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Analysis of heart rate variability during emergency flight simulator missions in fighter pilots
  1. Carlos Fernández-Morales1,
  2. L Espejo-Antúnez1,
  3. V J Clemente-Suárez2,
  4. F B Tabla-Hinojosa3 and
  5. M Albornoz-Cabello4
  1. 1Department of Medical-Surgical Therapy, University of Extremadura, Badajoz, Spain
  2. 2Faculty of Sports Sciences, European University - Campus Madrid, Madrid, Spain
  3. 3Head of Medical Staff, Talavera la Real Air Base, Badajoz, Spain
  4. 4Department of Physiotherapy, University of Seville, Sevilla, Spain
  1. Correspondence to Dr L Espejo-Antúnez, Department of Medical-Surgical Therapy, University of Extremadura, Badajoz 06006, Spain; luisea{at}


Introduction Managing emergency situations in different simulated flight segments can entail a workload that could affect the performance of military pilots. The aim was to analyse the modifications in neurovegetative balance (using HR variability, HRV) of professional fighter pilots attending learning/training sessions on emergency situations in a flight simulator.

Methods A total of 18 pilots from the Spanish Air and Space Force were included. HRV was recorded simultaneously during diverse simulated emergency situations in three different flight segments: take-off, in-flight and landing.

Results The comparison between take-off and in-flight revealed a statistically significant increase (p<0.05) in percentage of consecutive RR intervals that differ by more than 50 ms from each other (pNN50), root mean square of the successive differences (rMSSD), standard desviation 1 and 2 (SD1 and SD2), and a statistically significant decrease (p<0.000) in stress score (SS) and in the sympathetic to parasympathetic ratio (S:PS). Between flight and landing, a statistically significant increase (p<0.05) in mean HR, minimum HR, maximum HR, SS and S:PS was shown, while experiencing a significant decrease (p<0.000) in pNN50, rMSSD and SD2. Finally, between take-off and landing, the variables which showed significant changes (p<0.05), with these changes being a significant increase, were mean HR, minimum HR, maximum HR, rMSSD, SD1 and SD2. SS and S:PS ratios showed a statistically significant decrease (p<0.000).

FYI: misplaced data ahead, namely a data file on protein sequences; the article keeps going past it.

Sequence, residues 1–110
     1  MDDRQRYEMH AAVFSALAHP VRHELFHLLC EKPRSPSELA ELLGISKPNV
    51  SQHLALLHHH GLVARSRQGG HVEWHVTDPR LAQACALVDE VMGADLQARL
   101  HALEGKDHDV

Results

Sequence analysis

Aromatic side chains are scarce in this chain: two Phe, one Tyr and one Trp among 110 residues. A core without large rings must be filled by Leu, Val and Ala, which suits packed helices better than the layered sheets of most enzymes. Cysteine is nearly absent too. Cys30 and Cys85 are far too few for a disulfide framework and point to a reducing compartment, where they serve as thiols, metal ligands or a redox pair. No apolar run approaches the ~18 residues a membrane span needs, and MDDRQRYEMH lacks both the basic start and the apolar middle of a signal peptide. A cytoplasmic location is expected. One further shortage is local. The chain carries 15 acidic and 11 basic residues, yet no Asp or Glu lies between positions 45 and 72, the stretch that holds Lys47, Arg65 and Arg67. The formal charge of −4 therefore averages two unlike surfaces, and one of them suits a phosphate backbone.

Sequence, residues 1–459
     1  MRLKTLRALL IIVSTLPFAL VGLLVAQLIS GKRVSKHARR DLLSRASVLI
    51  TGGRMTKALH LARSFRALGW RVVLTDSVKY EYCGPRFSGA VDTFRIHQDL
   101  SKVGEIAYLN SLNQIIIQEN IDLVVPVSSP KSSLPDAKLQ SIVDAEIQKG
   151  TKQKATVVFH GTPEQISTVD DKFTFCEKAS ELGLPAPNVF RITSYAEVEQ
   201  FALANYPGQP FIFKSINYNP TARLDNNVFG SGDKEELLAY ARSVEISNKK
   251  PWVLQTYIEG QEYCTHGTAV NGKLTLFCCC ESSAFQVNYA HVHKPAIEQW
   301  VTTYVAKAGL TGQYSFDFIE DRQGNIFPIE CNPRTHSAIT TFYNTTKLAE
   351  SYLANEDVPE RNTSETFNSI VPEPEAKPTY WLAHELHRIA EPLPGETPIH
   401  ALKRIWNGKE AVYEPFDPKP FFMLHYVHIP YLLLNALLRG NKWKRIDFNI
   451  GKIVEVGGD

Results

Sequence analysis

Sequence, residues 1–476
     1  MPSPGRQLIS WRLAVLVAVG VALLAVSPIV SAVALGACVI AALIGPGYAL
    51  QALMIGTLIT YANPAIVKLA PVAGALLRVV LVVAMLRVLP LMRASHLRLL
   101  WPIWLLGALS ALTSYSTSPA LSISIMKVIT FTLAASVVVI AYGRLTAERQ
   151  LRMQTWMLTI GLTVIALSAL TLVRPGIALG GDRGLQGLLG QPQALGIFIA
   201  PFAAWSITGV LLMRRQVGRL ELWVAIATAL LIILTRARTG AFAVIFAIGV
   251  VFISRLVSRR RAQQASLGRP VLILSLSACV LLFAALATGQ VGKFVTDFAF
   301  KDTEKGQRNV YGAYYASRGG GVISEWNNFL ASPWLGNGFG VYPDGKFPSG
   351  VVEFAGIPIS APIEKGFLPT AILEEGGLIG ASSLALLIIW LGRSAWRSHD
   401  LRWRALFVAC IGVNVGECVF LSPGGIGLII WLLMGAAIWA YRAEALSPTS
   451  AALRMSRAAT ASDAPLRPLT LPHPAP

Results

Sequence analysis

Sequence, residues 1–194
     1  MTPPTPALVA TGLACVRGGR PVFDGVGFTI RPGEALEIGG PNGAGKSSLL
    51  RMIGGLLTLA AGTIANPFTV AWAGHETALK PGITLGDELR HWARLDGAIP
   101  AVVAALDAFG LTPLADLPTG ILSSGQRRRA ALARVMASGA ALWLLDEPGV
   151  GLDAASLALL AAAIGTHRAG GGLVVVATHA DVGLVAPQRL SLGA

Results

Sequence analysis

Conclusions An emergency situation in a flight simulator manoeuvre produced an anticipatory anxiety response in pilots, demonstrated by low HRV, which increased during the flight segment and decreased during the landing segment of the flight.

Trial registration number NCT04487899.

  • Neurophysiology

Data availability statement

No data are available.

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  • Contributors CF-M: conceptualisation, methodology, investigation, data curation, writing—original draft preparation, review and editing; LE-A: conceptualisation, methodology, validation, ethical approval statement, investigation, writing—original draft preparation, review and editing, supervision. VJC-S: validation, visualisation, funding acquisition. FBT-H: resources, project administration. MA-C: methodology, software, formal analysis, validation, data curation, project administration, funding acquisition. CF-M acts as guarantor.

  • Funding The authors have not declared a specific grant for this research from any funding agency in the public, commercial or not-for-profit sectors.

  • Competing interests None declared.

  • Provenance and peer review Not commissioned; externally peer reviewed.